If your child is found not-guilty at trial, then the charges will be dismissed and your child will be released from the proceedings. If your child is found guilty, then a sentencing hearing will be held and the court will impose a sentence or other orders in the case.
If your child is found guilty after a trial, or if your child pleads guilty to a criminal offense as part of a plea agreement reached with the prosecution, depending on the circumstances of the case, there can be a number of potential sentencing options or other requirements available to the court. Some of these may include:
- A continuance under supervision. No adjudication of delinquency occurs.
- A sentence of probation or conditional discharge.
- Commitment to the care of a relative or to an agency for care or placement outside the family home.
- A requirement of obtaining a substance abuse evaluation and completion of treatment.
- Commitment to the guardianship of the Department of Children and Family Services.
- Placement in juvenile detention for up to 30 days.
- Placement in detention for up to the maximum period allowed for adults found guilty of the same offense, but no longer than the minor reaching 21 years of age.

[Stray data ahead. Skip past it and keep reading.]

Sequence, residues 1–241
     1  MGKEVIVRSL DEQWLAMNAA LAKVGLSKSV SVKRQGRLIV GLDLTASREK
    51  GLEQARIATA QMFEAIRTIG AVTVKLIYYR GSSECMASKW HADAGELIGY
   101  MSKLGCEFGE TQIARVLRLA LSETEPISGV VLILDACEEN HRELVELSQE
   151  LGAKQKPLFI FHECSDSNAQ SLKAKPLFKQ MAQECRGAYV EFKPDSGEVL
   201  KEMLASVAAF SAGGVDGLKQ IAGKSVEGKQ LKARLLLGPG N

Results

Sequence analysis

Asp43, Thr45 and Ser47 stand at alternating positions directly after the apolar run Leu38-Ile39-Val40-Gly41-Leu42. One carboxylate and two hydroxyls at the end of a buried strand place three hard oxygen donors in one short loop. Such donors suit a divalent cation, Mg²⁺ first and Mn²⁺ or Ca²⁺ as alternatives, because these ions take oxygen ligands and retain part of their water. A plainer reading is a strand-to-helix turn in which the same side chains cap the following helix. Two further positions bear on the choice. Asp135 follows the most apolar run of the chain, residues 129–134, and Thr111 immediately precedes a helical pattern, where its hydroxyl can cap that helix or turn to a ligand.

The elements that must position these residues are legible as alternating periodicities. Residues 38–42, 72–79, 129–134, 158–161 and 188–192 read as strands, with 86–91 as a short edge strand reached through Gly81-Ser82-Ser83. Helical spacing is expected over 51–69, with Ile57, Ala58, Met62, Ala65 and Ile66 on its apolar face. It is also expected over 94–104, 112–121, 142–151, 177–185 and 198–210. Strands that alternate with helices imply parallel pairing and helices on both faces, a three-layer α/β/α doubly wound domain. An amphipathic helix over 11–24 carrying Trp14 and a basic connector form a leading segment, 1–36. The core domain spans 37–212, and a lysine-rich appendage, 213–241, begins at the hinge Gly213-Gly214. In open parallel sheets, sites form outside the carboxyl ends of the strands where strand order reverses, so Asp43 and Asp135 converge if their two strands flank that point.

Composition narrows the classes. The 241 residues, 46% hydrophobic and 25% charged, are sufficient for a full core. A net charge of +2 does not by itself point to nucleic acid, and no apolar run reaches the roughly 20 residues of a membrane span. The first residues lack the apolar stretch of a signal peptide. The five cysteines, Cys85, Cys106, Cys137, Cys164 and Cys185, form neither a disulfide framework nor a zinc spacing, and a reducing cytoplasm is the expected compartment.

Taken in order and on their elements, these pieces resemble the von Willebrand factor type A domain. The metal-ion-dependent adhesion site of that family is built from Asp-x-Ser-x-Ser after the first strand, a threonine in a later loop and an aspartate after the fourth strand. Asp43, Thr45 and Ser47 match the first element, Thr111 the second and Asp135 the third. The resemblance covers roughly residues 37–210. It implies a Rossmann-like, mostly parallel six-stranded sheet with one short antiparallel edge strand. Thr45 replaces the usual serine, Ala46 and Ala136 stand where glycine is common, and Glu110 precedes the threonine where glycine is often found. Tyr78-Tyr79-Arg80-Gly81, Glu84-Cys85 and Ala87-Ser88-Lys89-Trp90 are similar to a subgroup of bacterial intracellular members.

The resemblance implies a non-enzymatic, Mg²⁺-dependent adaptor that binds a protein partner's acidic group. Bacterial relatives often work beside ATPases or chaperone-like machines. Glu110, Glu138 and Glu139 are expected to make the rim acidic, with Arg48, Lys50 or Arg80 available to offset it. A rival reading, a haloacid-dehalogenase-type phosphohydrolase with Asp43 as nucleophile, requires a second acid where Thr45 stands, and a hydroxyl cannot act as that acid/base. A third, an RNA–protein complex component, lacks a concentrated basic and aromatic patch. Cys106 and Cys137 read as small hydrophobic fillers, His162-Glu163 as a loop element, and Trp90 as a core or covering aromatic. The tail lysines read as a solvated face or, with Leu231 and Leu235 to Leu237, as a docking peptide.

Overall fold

- Placement on electronic home monitoring or home detention.
- For a felony offense, commitment to the Department of Juvenile Justice (Juvenile Prison).
The HoffmanLaw Office understands the different sentencing options available to the juvenile court judge in your child's case- if the case reaches a guilty verdict or guilty finding.
As you can see, many of these options are potentially serious. Juvenile court sentences also can be highly structured and impose a number of ongoing requirements on the juvenile defendant.
When we represent a juvenile client in a delinquency proceeding at the Lake County Juvenile Justice Complex in Vernon Hills, we work to reach an overall successful outcome of your child's case.
To achieve a successful outcome, your child's HoffmanLaw juvenile court defense lawyer not only takes into consideration the possible sentences and penalties that could be imposed, but also brings out positive information regarding your child in order to put his or her case into a more balanced perspective.
We understand the criminal charges that have been filed against your child are merely that- charges and allegations.
Is the "Petition for Adjudication of Wardship" evidence?
The "Petition for Adjudication of Wardship" is not evidence against your child. The "Petition" merely states the allegations and offenses the prosecution would try to prove if your child's case went all the way to a trial.
What positive factors are relevant to how the case is resolved?